Saturday, August 01, 2015

Papal pushback

Will Pope Francis' strong message meet resistance in US?

Michael Sean Winters | Jul. 31, 2015
National Catholic Reporter

Those looking for clues of what to expect from Pope Francis when he visits Cuba and the United States at the end of September should study his trip to Latin America.

Francis' eight-day trip to Ecuador, Bolivia and Paraguay July 5-12 accentuated almost every theme of this pontificate. At a large prison in Bolivia, he told the prisoners, "I could not leave Bolivia without seeing you." He went to a riverside barrio in Paraguay, and appeared more energized from that encounter than the formal, diplomatic airport welcoming ceremonies in the three countries he visited. In Ecuador, he reiterated some of the central themes of his encyclical on the environment and, in another signature sign, when speaking to clergy and religious, he set aside his text and spoke without notes for 30 minutes.

Even the seemingly remote subject of curial reform was evident in the trip: His entourage was slimmed down and he was accompanied by only one Vatican cardinal.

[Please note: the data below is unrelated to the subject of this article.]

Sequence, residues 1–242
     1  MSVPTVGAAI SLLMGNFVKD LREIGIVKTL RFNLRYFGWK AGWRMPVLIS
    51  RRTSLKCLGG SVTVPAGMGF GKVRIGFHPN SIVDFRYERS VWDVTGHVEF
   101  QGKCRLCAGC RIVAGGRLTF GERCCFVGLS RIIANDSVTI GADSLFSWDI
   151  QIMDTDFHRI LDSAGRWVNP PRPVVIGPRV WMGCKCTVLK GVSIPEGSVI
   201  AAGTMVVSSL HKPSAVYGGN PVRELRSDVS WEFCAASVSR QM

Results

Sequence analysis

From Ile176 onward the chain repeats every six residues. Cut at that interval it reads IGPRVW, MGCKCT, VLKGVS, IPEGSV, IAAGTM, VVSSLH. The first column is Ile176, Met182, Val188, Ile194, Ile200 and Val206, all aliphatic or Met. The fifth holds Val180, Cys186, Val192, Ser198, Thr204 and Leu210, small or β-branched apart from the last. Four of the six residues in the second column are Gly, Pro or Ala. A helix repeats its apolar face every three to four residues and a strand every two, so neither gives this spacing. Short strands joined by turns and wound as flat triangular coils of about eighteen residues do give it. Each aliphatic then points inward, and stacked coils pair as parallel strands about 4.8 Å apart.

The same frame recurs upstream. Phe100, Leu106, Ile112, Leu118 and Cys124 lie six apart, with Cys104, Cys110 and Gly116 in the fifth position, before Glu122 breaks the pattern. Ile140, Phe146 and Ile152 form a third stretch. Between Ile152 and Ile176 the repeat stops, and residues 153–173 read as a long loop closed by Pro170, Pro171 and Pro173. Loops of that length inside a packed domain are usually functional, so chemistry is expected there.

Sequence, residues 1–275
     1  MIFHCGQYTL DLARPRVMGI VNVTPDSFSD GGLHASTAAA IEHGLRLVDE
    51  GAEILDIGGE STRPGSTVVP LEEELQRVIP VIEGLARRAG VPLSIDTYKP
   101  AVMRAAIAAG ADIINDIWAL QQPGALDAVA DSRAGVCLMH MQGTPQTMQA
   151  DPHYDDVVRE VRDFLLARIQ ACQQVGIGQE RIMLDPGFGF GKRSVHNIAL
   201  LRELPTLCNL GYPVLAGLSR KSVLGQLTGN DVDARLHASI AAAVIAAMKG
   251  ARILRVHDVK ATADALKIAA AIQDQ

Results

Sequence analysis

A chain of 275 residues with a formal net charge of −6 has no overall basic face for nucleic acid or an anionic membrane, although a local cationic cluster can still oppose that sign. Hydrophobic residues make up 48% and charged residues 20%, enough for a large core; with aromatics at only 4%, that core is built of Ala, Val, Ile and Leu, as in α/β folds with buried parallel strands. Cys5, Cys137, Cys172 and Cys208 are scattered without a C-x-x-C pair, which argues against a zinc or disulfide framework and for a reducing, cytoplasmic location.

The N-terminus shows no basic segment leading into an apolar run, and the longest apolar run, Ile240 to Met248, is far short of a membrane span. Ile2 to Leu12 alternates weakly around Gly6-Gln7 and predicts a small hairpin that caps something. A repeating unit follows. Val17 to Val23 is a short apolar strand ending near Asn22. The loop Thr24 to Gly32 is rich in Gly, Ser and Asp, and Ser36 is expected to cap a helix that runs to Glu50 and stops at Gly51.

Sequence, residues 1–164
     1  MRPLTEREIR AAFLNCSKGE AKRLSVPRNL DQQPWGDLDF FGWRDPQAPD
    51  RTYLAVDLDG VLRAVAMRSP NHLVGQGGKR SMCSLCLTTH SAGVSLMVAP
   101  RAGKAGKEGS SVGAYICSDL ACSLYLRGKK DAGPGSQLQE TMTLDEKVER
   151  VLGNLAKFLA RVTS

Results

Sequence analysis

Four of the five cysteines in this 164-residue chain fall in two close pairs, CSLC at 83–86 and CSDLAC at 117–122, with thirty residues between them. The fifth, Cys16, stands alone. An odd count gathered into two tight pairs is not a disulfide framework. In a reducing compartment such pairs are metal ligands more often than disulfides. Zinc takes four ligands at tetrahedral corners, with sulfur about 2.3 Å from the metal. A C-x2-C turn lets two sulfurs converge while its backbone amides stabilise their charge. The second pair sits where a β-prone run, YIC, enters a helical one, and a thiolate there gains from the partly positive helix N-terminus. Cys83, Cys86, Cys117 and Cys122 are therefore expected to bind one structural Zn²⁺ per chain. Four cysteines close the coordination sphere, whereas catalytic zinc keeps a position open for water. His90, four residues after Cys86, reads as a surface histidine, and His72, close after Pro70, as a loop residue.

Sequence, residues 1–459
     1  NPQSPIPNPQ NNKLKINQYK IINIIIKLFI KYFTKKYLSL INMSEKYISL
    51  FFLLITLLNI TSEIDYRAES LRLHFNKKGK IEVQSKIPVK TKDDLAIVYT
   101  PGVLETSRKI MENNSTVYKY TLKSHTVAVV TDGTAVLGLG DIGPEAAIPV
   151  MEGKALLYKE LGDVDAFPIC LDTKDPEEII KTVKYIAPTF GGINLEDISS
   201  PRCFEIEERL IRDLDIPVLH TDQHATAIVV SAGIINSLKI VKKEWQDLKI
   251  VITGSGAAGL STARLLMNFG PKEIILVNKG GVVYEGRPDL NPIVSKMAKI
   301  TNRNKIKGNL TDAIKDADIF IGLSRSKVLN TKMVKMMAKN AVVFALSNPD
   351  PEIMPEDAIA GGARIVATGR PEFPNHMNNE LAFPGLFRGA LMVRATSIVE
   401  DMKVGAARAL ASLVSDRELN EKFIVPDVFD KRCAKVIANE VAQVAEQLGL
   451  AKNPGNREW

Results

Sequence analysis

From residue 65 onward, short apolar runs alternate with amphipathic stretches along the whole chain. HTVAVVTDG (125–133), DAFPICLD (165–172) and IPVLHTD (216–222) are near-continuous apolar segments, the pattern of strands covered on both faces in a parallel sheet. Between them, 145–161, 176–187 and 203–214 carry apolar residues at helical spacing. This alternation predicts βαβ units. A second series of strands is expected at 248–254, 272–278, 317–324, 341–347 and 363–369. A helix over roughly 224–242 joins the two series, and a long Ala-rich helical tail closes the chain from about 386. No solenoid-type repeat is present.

The keynote address of the trip, when Francis met with community organizers from around the world in Santa Cruz, Bolivia, July 9, is already being called a "mini-encyclical." Francis was unrelenting in his criticism of contemporary capitalism. After listing many of the ills of modern society, he said, "And behind all this pain, death and destruction there is the stench of what Basil of Caesarea, one of the church's first theologians, called 'the dung of the devil.' An unfettered pursuit of money rules. That is the dung of the devil."

(Continued here.)


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